Deville - The People's Marx (1893)

Chapter XXII: National Differences of Wages

How to compare the rates of wages in different nations.—Modifications of the law of value in its international application.—Apparent wages and real wages.

How to Compare the Rates of Wages in Different.

To compare the rates of wages in different nations, one must begin by considering all the conditions controlling the value of labor-power in each respective country—such as the extent of the ordinary needs and requirements of its inhabitants, the prices of the means of subsistence, the average size of working-class families, the cost of the laborer's training, the part played by the labor of women and children, and finally the productiveness, duration and intensity of labor.

When the daily duration of labor and the wages per day in each country are known, it is easy to calculate for each country the price per hour of labor in the same branches of industry. One is then in a position to compare the rates of time-wages in the different nations. Then these time-wages must be reduced to piece-wages, as the latter are the only index of the varying degrees of the intensity and productivity of labor. To do this all that is required, when one knows the price per hour of labor in a branch of industry, is to find out how much time is spent in the making of an article in that branch.

Modifications of the Law of Value in its International Application.

In every country there is a certain ordinary intensity of labor. When the intensity is below this common level a product consumes more labor-time than is socially necessary; but, no matter how much time it has consumed, it has on the national market only the value correspondent to the time socially necessary for its production. Value is measured solely by the duration of this socially necessary time, and this rule is modified only when the labor attains a degree of intensity above the nationally normal intensity.

This is not the case on the universal market where the products of different countries are brought together for sale and trade. The ordinary intensity of national labor is not the same in all countries. It is greater here, and smaller there. These various national averages or standards of intensity form a scale, whose unit of measure is the average international intensity of labor. Compared to the more intense national labor, the less intense national labor creates in the same time less value, which expresses itself in less money.

Another more profound modification of the law of value in its application to the universal market is that the more productive national labor counts, on this market, as the more intense labor—i.e., as labor producing not only a greater quantity of products but also a greater quantity of value—so long as the more productive nation is not forced by competition to lower the selling price of its commodities to the level of their real value.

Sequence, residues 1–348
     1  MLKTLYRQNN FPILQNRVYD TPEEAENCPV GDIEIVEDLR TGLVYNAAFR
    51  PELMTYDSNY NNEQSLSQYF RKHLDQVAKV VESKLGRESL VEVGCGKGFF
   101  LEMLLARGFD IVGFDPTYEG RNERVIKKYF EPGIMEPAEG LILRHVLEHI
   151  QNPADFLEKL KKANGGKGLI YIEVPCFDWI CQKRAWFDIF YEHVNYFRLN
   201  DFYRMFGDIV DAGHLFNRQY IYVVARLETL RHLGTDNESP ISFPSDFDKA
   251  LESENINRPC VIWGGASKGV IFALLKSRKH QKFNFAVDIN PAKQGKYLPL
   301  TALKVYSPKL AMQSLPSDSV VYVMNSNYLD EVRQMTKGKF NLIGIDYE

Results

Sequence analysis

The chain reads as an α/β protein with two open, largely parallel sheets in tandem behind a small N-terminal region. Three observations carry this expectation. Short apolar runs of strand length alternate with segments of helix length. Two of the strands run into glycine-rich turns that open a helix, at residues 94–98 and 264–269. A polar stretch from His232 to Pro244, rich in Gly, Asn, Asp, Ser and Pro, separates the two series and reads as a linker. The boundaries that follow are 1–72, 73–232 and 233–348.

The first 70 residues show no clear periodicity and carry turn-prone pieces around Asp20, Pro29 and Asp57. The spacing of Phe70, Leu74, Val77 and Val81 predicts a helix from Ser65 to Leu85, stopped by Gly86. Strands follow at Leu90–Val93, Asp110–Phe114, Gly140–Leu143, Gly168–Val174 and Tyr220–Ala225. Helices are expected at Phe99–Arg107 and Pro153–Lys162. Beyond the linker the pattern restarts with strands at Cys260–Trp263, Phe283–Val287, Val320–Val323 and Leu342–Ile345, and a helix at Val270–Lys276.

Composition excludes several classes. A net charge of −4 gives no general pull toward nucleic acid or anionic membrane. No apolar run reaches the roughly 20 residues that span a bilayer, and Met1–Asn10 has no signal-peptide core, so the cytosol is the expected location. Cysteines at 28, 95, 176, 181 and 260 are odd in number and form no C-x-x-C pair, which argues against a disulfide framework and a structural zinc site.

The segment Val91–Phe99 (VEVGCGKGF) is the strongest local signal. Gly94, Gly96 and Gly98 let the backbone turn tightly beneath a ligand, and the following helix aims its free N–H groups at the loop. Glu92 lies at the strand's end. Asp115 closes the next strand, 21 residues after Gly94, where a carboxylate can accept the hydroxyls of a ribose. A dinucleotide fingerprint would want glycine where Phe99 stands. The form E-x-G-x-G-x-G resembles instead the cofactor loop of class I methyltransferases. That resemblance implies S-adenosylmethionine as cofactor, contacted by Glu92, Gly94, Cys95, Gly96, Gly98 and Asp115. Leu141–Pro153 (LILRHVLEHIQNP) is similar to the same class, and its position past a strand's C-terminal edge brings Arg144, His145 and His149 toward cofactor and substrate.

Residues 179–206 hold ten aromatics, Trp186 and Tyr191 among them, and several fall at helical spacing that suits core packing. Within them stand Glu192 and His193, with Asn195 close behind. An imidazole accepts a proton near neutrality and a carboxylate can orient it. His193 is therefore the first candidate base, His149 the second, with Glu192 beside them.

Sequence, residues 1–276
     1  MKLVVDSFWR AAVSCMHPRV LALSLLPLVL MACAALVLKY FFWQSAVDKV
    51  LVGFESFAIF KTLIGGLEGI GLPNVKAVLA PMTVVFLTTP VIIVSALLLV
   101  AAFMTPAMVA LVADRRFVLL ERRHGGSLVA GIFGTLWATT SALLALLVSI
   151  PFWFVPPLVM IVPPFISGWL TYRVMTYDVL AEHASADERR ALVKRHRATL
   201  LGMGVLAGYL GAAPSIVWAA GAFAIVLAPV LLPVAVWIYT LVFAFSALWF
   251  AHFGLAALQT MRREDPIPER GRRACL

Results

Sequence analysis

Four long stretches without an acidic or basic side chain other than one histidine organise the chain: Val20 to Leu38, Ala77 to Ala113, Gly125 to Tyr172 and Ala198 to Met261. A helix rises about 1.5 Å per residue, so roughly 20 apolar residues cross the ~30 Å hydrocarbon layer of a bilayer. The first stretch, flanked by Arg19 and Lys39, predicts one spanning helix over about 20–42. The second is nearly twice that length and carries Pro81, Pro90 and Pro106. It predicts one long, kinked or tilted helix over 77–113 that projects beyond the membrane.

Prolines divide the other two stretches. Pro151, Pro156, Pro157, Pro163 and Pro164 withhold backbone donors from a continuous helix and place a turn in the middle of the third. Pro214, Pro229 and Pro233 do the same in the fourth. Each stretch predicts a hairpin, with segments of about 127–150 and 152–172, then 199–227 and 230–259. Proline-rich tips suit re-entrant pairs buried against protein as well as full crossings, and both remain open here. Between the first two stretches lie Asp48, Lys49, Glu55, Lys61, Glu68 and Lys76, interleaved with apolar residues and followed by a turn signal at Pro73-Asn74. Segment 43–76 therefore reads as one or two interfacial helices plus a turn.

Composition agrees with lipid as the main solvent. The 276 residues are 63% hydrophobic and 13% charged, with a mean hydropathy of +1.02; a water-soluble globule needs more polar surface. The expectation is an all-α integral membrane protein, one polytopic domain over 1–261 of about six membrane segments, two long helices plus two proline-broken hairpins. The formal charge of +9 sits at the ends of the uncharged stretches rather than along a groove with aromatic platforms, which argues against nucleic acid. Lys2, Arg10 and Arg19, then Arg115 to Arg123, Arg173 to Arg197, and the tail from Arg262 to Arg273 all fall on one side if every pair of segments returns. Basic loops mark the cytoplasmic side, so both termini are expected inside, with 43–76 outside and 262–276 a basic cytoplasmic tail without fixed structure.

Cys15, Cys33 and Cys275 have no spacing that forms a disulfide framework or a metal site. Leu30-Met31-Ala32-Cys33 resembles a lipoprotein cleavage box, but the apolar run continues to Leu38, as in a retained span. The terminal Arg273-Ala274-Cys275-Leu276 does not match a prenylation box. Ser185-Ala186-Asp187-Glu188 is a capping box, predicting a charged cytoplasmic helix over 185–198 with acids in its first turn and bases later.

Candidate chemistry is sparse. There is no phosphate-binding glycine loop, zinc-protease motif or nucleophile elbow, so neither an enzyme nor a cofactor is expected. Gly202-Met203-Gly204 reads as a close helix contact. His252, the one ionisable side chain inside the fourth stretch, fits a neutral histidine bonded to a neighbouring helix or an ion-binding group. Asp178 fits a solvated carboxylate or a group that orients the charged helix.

If capitalist production is more highly developed in a particular country, the national labor of that country will, as a consequence, have a greater average productiveness and intensity than general international labor will have, and the quantity of value produced in the same time will be greater and will express itself in more money. And money will be worth relatively less in such a country than in countries where capitalist production is less developed.

Apparent Wages and Real Wages.

From this last fact it follows that nominal wages, the expression of labor-power in money, will on the average be higher in the more advanced countries than in the more backward. It does not necessarily follow that this will hold true for real wages, i.e., for the means of subsistence placed at the disposal of the laborer.

Apart from this difference in the value of money compared to commodities, it will often be found that even if the daily or weekly wages are higher in one nation, the relative price of labor, i.e., its price compared either to the surplus-value or to the value of the product, is lower in that nation, than in countries where lower wages obtain.

While the apparent or nominal price of labor is usually lower in poor countries, where as a rule food stuffs are cheap, the real price, i.e., the cost to the capitalist of a certain quantity of accomplished labor, is, nearly always, dearer than in rich countries.